Obama to Unveil ‘Grand Bargain’ on Deficit and Debt Reduction
President Obama is set to give a major speech on his plan to address the nation’s deficits and debt. Photo by Shawn Thew/Pool via Bloomberg.
When President Obama takes the stage at George Washington University at 1:35 p.m. EDT Wednesday, the task before him will be similar to a Tarzan-style vine swinging over all of the pitfalls below.
The president is expected to touch on all of the components he believes need to work in concert with each other in order to bring about significant debt and deficit reduction. Those components include: tax increases on the wealthy, Medicare and Medicaid savings, continued spending restraint by the federal government and cuts in defense spending.
With each component, of course, President Obama will open himself up for criticism and attack from some corner in the political universe.
House Speaker John Boehner has already pre-sponded on the tax issue.
“If the President begins the discussion by saying we must increase taxes on the American people — as his budget does — my response will be clear: Tax increases are unacceptable and are a nonstarter,” Rep. Boehner, R-Ohio, said in a statement.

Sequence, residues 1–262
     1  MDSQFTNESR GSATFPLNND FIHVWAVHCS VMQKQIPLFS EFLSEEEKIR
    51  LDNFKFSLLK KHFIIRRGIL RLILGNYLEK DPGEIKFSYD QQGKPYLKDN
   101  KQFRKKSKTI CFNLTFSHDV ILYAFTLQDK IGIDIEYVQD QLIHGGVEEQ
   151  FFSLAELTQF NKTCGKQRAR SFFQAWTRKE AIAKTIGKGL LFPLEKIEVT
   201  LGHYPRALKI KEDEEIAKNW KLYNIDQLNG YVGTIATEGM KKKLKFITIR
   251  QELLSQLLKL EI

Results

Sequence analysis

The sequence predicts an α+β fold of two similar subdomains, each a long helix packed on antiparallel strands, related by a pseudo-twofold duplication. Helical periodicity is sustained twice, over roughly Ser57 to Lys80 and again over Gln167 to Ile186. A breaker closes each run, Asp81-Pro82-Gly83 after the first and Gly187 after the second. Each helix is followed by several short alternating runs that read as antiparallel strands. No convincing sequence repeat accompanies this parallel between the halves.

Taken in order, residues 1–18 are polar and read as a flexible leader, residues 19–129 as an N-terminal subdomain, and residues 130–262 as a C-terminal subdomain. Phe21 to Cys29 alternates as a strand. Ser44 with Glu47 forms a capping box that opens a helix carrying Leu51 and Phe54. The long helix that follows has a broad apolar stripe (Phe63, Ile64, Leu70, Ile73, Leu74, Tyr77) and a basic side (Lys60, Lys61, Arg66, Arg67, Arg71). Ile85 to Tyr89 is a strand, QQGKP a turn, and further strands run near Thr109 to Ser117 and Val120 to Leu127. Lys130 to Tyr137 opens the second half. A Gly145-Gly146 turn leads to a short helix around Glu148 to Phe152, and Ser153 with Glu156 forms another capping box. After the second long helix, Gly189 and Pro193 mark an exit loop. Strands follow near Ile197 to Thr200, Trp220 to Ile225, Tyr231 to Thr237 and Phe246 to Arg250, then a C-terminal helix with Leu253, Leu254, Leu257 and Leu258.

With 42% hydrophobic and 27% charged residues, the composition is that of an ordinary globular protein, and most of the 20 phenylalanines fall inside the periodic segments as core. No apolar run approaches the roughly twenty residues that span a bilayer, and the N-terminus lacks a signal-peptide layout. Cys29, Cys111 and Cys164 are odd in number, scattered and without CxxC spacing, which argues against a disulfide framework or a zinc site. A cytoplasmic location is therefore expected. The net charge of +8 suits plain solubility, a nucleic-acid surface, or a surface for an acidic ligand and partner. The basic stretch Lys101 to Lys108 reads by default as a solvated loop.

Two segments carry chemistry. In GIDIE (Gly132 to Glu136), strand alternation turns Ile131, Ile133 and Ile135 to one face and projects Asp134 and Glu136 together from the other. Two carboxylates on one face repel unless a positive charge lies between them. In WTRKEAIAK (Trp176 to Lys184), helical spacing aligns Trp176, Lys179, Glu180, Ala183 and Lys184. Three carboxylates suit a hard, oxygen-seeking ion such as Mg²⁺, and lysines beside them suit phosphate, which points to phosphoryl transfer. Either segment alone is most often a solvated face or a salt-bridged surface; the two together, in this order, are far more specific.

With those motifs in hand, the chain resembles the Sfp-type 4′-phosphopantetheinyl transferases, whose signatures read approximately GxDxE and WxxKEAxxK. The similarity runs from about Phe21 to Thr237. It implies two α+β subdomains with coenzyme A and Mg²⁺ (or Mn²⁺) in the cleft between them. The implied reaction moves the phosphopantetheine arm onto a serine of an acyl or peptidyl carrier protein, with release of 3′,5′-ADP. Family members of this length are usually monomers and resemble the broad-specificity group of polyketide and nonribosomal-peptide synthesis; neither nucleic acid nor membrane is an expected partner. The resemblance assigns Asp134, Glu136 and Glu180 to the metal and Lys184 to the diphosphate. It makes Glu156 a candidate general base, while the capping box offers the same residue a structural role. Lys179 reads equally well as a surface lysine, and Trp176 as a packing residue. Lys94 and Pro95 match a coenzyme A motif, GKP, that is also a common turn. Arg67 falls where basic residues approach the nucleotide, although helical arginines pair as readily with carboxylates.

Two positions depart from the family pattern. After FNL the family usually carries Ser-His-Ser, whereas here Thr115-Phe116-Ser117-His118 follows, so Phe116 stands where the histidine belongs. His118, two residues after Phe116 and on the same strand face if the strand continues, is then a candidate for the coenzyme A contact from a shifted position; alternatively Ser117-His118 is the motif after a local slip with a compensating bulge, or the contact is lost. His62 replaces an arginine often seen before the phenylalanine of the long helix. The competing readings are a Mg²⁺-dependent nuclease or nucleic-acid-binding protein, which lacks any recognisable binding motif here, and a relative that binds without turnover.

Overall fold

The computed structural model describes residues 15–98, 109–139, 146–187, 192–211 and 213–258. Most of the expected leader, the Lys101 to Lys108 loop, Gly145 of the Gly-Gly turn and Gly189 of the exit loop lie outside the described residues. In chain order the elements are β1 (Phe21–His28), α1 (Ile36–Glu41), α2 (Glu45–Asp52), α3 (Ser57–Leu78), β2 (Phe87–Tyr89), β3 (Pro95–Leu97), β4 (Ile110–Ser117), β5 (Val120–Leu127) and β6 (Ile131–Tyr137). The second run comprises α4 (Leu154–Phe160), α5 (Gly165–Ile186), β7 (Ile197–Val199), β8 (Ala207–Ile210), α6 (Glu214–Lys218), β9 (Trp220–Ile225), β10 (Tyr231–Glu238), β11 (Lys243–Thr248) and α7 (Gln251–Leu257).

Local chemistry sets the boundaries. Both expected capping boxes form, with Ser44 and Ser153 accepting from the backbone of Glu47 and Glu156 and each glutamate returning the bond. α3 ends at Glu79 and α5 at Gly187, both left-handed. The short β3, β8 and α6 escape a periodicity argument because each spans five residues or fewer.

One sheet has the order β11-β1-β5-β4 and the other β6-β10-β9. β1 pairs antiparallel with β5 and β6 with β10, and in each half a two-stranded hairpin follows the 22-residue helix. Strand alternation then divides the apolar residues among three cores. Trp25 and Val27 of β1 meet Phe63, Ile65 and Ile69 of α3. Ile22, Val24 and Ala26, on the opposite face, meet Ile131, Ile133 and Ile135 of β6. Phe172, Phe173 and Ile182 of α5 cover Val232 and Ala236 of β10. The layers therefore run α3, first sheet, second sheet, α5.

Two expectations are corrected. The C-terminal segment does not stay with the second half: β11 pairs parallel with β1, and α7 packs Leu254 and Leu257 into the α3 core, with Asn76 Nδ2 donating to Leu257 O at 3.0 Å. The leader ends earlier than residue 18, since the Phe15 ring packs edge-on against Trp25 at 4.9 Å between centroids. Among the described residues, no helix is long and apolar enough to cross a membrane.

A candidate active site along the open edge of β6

As for the savings in Medicare and Medicaid, the president’s left flank is already wary.
“Now that the details are out, we know the truth: Once again last week, Republicans in Congress held the nation hostage over their agenda of handouts for millionaires and cutbacks for the rest of us. And once again, Democrats let them do it,” MoveOn.org Executive Director Justin Ruben said.
“That’s why MoveOn members overwhelmingly oppose this budget. We hope that tomorrow the President will stand up and use the power of the bully pulpit to make a strong and clear case that Medicare, Social Security and Medicaid need to be protected, and that he will not allow the American Dream to be held hostage again by Republicans in Congress,” he added.
President Obama is on a clear re-election path to win back independents and moderates, and there’s little doubt that that mission will be evident throughout much of his speech.